could compose, for hours together,
in the easy running metre of “The Song of Hiawatha.”
Having then distinctly stated that I challenge no attention
in the following little poem to its merely verbal jingle,
I must beg the candid reader to confine his criticism
to its treatment of the subject.

In fact, Carroll was quite a camera buff himself, and he filled his parody with amusing details related to cameras, unwilling subjects, the pains of portraiture, and film development — all in a perfect and wonderful imitation of Longfellow’s “Hiawatha.”

From his shoulder Hiawatha
Took the camera of rosewood,
Made of sliding, folding rosewood;
Neatly put it all together.
In its case it lay compactly,
Folded into nearly nothing;
But he opened out the hinges,
Pushed and pulled the joints and hinges,
Till it looked all squares and oblongs,
Like a complicated figure
In the Second Book of Euclid.
This he perched upon a tripod –
Crouched beneath its dusky cover –
Stretched his hand, enforcing silence –
Said “Be motionless, I beg you!”
Mystic, awful was the process.

The entire, hilarious, improbable version of “Hiawatha’s Photographing” can be found here.  Whether you enjoy 19th century poetry, photography, or the humor of parody, it’s well worth a read — preferably aloud, and preferably with an audience, just as Longfellow and Carroll would have wanted.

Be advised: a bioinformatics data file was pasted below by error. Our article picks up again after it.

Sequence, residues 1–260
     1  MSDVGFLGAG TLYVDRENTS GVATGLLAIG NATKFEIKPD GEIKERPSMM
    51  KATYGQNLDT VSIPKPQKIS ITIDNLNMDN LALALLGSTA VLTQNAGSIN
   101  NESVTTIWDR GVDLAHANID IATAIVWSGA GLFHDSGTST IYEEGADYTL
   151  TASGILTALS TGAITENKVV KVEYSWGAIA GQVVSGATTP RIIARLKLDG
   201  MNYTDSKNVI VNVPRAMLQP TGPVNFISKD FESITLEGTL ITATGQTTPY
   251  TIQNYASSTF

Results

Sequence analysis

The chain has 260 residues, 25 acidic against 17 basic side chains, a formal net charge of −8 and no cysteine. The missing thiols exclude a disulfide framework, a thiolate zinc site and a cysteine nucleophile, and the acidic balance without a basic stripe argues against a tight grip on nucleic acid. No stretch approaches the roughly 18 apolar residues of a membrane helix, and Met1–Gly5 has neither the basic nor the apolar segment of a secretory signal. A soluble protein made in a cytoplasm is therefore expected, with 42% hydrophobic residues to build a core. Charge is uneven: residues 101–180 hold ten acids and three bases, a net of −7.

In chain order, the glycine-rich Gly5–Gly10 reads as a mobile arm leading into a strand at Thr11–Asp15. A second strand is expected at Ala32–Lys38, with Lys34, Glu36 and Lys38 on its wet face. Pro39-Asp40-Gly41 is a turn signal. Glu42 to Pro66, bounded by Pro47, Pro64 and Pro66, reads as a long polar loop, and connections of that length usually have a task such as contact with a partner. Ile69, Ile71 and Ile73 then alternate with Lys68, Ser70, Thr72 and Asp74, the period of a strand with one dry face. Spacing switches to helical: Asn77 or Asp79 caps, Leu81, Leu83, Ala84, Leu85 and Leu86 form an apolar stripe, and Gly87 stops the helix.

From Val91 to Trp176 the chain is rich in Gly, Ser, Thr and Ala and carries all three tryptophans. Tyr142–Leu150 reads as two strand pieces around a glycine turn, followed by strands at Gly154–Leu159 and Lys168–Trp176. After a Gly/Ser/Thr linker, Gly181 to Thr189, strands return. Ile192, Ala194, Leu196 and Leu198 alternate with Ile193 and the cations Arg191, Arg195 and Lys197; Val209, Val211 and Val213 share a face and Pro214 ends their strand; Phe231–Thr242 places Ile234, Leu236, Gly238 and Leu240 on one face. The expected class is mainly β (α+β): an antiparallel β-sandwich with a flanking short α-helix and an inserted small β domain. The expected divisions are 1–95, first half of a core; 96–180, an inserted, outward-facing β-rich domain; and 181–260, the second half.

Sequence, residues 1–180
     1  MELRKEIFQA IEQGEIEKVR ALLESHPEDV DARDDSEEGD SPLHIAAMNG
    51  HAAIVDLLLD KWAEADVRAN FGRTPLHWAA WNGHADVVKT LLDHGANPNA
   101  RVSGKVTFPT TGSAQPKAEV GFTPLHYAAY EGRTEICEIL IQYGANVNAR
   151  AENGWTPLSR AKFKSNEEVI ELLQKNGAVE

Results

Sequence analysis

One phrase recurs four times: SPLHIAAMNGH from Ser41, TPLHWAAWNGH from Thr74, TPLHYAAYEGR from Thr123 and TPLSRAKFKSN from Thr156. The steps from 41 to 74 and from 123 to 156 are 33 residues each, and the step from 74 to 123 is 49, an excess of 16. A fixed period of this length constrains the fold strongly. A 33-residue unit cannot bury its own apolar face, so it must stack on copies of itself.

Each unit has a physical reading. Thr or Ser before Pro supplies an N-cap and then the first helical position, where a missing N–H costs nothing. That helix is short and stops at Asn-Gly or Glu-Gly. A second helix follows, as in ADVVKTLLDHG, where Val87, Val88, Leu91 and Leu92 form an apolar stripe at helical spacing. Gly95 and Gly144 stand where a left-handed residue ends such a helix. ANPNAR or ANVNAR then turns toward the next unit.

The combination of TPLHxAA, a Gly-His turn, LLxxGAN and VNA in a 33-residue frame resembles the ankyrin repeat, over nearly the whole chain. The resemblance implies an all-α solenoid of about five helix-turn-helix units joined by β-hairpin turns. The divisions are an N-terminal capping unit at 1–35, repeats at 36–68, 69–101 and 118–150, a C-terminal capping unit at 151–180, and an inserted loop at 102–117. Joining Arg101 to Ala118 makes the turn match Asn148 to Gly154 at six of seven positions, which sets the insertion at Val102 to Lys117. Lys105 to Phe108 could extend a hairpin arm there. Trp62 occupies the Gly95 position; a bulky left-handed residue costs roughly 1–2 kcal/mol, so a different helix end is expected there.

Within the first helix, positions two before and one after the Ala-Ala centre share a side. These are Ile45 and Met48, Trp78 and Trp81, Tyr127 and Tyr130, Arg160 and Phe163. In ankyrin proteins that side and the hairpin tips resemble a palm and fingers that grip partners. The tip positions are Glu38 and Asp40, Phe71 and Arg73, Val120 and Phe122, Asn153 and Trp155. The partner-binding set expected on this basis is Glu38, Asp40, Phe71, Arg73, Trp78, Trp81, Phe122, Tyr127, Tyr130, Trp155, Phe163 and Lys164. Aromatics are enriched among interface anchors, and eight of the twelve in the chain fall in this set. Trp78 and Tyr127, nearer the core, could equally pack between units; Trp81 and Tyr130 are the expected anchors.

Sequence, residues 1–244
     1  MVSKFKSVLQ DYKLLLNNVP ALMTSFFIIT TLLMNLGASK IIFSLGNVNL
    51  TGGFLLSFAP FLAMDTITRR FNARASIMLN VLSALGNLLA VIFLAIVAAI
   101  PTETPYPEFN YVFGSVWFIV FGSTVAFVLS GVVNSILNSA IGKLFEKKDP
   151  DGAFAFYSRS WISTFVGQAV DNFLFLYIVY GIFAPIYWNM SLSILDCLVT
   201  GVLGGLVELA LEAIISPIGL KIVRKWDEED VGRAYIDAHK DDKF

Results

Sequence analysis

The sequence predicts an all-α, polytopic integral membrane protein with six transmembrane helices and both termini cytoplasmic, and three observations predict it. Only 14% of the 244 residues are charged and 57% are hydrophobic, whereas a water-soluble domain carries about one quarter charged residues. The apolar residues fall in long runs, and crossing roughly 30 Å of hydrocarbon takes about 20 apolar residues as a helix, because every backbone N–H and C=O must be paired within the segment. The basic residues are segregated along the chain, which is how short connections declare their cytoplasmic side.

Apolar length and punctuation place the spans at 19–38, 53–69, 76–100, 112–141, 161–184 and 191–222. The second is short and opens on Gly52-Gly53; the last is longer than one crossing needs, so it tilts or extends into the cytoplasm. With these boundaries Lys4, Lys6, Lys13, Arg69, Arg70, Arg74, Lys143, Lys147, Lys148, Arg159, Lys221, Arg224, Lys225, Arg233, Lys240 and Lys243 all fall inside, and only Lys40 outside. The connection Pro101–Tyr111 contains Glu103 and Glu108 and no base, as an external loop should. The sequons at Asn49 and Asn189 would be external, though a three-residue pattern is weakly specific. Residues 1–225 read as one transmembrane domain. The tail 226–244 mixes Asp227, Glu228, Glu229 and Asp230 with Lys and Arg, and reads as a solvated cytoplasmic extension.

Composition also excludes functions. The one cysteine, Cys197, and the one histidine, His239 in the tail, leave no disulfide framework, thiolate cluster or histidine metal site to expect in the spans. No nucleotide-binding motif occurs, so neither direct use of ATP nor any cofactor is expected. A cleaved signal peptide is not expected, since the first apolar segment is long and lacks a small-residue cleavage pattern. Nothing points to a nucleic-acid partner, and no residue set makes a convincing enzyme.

The Hamm’s is optional.

Comments always are welcome.

The Poets’ Birds: Dabblers

Whether Kenneth Grahame meant The Wind in the Willows to be for children or adults has been debated, but the timeless tale of animal friends and their adventures along the Thames, in the Wild Wood, or on the Open Road has enchanted readers since the book’s publication in 1908.

I missed meeting the main characters — Ratty, Mole, Badger, and Mr. Toad of Toad Hall — as a child, but once I began sailing, I discovered one quotation from the book appearing on nearly every boat: embroidered on salon pillows, hanging on bulkheads, incised over companionways, or silk-screened onto tee-shirts. Taken from the first chapter of the book, the saying’s appeal to sailors seemed universal:

There is nothing – absolutely nothing – half so much worth doing as simply messing about in boats.